In the 1940s, Nelson turned his attention to design practice, first conceiving a downtown pedestrian mall, and then designing the Storagewall, a revolutionary system that graced the cover of LIFE in 1945. He earned the notice of Herman Miller’s president D.J. De Pree with Tomorrow’s House, and was made Director of Design for the company in 1947. Nelson was tasked with product design and with refreshing Herman Miller’s graphic identity. He also brought the Eameses, Alexander Girard, and Isamu Noguchi into the fold.
His firm George Nelson & Associates was responsible for the Marshmallow Sofa, the Coconut Chair, and the Action Office II, which we now know as the "office cubicle." Nelson’s Bubble Lamps, premiered in 1952. Inspired by silk lamps he’d seen in Sweden, he discovered that he could coat lamps using a new method, with ingenuity typical of a George Nelson design: a resin spray developed by the U.S. military which produced a translucent, durable finish.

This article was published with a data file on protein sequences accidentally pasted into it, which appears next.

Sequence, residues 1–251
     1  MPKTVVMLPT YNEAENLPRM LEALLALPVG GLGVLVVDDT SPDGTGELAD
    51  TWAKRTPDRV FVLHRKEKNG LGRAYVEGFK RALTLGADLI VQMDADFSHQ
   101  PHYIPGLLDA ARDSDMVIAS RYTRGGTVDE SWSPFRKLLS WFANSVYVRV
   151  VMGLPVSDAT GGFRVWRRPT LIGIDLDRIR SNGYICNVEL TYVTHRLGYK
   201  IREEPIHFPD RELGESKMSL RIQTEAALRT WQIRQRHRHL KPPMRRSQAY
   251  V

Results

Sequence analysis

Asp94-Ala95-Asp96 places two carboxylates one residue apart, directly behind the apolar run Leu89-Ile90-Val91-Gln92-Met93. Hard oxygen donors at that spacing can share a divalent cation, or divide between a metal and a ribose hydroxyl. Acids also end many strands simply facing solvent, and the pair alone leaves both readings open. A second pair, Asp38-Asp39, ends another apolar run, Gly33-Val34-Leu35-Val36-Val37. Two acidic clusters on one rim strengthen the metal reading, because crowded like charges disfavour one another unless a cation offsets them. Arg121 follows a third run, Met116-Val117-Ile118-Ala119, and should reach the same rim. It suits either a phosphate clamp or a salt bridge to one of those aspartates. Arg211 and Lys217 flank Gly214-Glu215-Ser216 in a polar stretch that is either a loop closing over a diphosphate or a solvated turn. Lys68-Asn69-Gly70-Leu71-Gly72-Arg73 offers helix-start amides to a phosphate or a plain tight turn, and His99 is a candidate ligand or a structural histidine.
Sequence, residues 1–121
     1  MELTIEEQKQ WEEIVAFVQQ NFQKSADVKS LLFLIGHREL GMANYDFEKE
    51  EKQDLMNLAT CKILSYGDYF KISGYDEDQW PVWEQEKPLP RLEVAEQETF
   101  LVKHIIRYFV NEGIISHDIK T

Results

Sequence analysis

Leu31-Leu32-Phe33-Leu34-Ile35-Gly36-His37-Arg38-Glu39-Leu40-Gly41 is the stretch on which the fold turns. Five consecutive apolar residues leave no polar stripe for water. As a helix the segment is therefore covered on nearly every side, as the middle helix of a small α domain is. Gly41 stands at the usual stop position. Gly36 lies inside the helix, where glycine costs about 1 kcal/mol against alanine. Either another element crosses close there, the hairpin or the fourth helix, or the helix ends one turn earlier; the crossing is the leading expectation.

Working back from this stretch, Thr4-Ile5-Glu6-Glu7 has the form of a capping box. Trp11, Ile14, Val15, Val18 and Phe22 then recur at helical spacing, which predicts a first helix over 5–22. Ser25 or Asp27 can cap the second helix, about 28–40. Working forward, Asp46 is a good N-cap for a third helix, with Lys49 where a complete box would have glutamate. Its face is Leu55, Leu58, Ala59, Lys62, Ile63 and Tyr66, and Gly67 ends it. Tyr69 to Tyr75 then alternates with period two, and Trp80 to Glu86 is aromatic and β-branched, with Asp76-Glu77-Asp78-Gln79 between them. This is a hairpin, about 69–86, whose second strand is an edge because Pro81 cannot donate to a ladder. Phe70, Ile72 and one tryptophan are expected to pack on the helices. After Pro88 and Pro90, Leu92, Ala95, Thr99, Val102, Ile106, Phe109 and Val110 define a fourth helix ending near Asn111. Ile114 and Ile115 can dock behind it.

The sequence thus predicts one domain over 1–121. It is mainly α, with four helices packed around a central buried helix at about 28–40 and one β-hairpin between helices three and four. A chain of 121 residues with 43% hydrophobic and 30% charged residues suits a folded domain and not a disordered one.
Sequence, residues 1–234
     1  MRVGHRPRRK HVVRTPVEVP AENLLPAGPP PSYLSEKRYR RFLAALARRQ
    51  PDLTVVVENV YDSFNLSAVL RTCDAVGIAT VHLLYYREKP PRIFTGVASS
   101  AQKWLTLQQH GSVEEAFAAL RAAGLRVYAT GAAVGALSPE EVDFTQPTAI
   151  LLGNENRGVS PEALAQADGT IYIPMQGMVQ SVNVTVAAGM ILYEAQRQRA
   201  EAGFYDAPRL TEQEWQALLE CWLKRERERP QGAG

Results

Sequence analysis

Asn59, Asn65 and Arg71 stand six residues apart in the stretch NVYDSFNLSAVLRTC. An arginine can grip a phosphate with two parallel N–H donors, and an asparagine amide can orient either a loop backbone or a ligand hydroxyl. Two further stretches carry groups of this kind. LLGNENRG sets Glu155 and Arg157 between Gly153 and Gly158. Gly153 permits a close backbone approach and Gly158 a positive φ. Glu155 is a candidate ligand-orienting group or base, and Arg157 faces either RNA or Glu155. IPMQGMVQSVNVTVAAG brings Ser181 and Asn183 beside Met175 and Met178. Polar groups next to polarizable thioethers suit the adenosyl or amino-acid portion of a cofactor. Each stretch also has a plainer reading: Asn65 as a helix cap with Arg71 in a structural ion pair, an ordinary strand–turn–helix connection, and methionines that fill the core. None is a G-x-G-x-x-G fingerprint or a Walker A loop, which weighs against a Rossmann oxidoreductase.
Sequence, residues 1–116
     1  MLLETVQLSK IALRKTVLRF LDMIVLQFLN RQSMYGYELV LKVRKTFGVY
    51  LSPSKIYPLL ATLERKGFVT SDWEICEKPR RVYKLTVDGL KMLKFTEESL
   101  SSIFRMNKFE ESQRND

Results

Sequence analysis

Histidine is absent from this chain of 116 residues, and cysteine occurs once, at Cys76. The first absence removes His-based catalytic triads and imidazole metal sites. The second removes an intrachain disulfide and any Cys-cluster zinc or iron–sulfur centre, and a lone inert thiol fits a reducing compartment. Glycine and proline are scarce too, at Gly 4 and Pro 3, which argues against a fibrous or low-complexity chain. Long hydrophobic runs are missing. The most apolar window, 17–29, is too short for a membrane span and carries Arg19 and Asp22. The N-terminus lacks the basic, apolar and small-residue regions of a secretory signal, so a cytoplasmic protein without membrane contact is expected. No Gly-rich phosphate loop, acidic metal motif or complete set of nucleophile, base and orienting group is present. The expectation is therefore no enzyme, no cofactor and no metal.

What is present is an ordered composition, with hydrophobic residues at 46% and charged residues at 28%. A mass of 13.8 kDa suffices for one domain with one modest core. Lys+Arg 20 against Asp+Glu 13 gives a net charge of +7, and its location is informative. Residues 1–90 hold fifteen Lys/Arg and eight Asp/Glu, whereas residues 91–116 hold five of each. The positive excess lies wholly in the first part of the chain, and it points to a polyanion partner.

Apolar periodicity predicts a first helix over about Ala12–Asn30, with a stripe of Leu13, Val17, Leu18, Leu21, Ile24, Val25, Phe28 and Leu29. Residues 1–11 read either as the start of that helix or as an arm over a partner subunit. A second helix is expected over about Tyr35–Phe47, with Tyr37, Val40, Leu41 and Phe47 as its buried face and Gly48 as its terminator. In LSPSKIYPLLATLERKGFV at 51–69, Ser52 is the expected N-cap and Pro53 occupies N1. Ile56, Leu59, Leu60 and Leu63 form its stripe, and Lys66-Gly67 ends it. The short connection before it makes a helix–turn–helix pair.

Apart from a Nelson Lamp, the Ball Clock—whose painted spheres radiate outward in a colorful burst—might be the object that best captures his design philosophy. At the height of the atomic age, George Nelson furniture and lighting positioned Americans to face a new era with optimism rather than fear. "Design," he said, "is a response to social change."
No design can exist in isolation. It is always related, sometimes in very complex ways, to an entire constellation of influencing situations and attitudes.